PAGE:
The Definite Article

The word "the" is one of the most common words in English. It is our only definite article. Nouns in English are preceded by the definite article when the speaker believes that the listener already knows what he is referring to. The speaker may believe this for many different reasons, some of which are listed below.

If the following word begins with a consonant, we speak [ðə], if the following word begins with a vowel, we speak [ði:].

[ðə] [ði:]
the following word starts with a spoken consonant

  • the girl
  • the book
  • the school
the following word starts with a spoken vowel

  • the English girl
  • the orange book
  • the old school



Use the to refer to something which has already been mentioned.

  • On Monday, an unarmed man stole $1,000 from the bank. The thief hasn't been caught yet.
  • I was walking past Benny's Bakery when I decided to go into the bakery to get some bread.
  • There's a position available in my team. The job will involve some international travel.

Use the when you assume there is just one of something in that place, even if it has not been mentioned before.

  • We went on a walk in the forest yesterday.
  • Where is the bathroom?
  • Turn left and go to number 45. Our house is across from the Italian restaurant.
  • My father enjoyed the book you gave him.

Use the in sentences or clauses where you define or identify a particular person or object.

  • The man who wrote this book is famous.
  • I scratched the red car parked outside.
  • I live in the small house with a blue door.
  • He is the doctor I came to see.

Use the to refer to people or objects that are unique.

  • The sun rose at 6:17 this morning.
  • You can go anywhere in the world.
  • Clouds drifted across the sky.
  • The president will be speaking on TV tonight.
  • The CEO of Total is coming to our meeting.

Use the before superlatives and ordinal numbers.

  • This is the highest building in New York.
  • She read the last chapter of her new book first.
  • You are the tallest person in our class.
  • This is the third time I have called you today.

Use the with adjectives, to refer to a whole group of people.

  • The French enjoy cheese.
  • The elderly require special attention.
  • She has given a lot of money to the poor.

Use the with decades.

  • He was born in the seventies.
  • This is a painting from the 1820's.

Use the with clauses introduced by only

  • This is the only day we've had sunshine all week.
  • You are the only person he will listen to.
  • The only tea I like is black tea.

Use the with names of geographical areas, rivers, mountain ranges, groups of islands, canals, and oceans.

  • They are travelling in the Arctic.
  • Our ship crossed the Atlantic in 7 days.
  • I will go on a cruise down the Nile.
  • Hiking across the Rocky Mountains would be difficult.

Use the with countries that have plural names

  • I have never been to the Netherlands.
  • Do you know anyone who lives in the Philippines?

Use the with countries that include the words "republic", "kingdom", or "states" in their names.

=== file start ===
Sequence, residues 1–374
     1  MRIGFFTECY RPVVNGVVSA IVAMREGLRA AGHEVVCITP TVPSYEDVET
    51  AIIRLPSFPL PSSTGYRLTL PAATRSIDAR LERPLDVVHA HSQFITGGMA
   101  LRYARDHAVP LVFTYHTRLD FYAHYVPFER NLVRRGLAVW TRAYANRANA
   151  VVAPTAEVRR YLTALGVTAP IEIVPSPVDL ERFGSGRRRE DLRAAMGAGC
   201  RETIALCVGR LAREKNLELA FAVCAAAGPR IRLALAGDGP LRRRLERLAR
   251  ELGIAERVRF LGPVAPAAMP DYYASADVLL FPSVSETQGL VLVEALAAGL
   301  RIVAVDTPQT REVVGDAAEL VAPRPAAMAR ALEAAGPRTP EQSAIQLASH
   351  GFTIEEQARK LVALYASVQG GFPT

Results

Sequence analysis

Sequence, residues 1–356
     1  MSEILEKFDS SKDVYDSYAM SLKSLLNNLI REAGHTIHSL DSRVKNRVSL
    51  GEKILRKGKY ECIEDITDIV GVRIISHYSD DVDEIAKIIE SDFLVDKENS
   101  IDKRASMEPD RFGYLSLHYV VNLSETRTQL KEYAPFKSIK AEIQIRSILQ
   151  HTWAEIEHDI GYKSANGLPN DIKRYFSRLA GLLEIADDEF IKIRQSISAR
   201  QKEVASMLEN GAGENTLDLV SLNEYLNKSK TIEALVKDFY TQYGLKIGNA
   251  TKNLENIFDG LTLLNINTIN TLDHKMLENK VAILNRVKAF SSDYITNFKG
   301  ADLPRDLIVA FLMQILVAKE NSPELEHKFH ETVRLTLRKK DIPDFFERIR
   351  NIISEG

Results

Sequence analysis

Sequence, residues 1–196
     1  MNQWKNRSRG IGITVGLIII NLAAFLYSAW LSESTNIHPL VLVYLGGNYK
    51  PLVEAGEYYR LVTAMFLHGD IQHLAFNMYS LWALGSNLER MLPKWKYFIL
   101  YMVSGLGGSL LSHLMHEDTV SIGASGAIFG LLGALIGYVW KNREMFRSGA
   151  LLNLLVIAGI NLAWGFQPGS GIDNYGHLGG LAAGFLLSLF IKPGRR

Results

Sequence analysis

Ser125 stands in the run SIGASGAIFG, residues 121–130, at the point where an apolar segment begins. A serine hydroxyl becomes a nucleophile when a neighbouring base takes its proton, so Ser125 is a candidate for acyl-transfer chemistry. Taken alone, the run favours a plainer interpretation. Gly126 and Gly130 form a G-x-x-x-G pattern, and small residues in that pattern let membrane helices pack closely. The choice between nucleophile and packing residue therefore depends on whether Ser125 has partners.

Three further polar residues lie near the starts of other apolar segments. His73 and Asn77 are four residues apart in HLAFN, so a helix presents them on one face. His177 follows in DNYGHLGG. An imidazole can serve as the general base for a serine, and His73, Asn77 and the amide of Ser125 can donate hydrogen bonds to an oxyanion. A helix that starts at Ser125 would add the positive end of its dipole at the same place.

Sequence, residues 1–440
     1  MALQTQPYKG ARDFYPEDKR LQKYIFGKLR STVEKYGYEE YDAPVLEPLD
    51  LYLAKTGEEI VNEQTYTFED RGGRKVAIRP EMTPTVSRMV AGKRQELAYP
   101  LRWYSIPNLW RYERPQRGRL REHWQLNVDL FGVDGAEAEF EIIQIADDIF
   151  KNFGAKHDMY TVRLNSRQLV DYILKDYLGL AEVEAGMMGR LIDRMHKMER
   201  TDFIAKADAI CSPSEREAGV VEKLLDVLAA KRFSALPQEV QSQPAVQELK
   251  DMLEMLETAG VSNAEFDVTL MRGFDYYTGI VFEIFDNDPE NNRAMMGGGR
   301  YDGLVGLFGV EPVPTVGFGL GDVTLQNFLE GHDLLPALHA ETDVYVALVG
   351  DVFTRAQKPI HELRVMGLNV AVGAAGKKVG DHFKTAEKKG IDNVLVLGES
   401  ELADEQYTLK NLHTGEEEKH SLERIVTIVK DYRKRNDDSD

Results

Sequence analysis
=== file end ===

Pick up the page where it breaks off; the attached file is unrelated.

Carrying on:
• She is visiting the United States.
  • James is from the Republic of Ireland.

Use the with newspaper names.

  • I read it in the Guardian.
  • She works for the New York Times.

Use the with the names of famous buildings, works of art, museums, or monuments.

  • Have you been to the Vietnam Memorial?
  • We went to the Louvre and saw the Mona Lisa.
  • I would like to visit the Eiffel Tower.
  • I saw King Lear at the Globe.

Use the with the names of hotels & restaurants, unless these are named after a person.

  • They are staying at the Hilton on 6th street.
  • We ate at the Golden Lion.

Use the with the names of families, but not with the names of individuals.

  • We're having dinner with the Smiths tonight.
  • The Browns are going to the play with us.


Do not use the with names of countries (except for the special cases above).

  • Germany is an important economic power.
  • He's just returned from Zimbabwe.

Do not use the with the names of languages.

  • French is spoken in Tahiti.
  • English uses many words of Latin origin.
  • Indonesian is a relatively new language.

Do not use the with the names of meals.

  • Lunch is my favorite meal.
  • I like to eat breakfast early.

Do not use the with people's names.

  • John is coming over later.
  • Mary Carpenter is my boss.

Do not use the with titles when combined with names.

  • Prince Charles is Queen Elizabeth's son.
  • President Kennedy was assassinated in Dallas.

Do not use the after the 's possessive case

  • His brother's car was stolen.
  • Peter's house is over there.

Do not use the with professions

  • Engineering is a well-paid career.
  • He'll probably study medicine.

Do not use the with names of shops

  • I'll get the card at Smith's.
  • Can you go to Boots for me?

Do not use the with years

  • 1948 was a wonderful year.
  • He was born in 1995.

Do not use the with uncountable nouns

  • Rice is an important food in Asia.
  • Milk is often added to tea in England.
  • War is destructive.

Do not use the with the names of individual mountains, lakes and islands

  • Mount McKinley is the highest mountain in Alaska.
  • She lives near Lake Windermere.
  • Have you visited Long Island?

Do not use the with most names of towns, streets, stations and airports

  • Victoria Station is in the centre of London.
  • Can you direct me to Bond Street?
  • She lives in Florence.
  • They're flying into Heathrow.
Exceptions to using the definute article (Prev Lesson)
(Next Lesson) Indefinite articles
Back to Determiners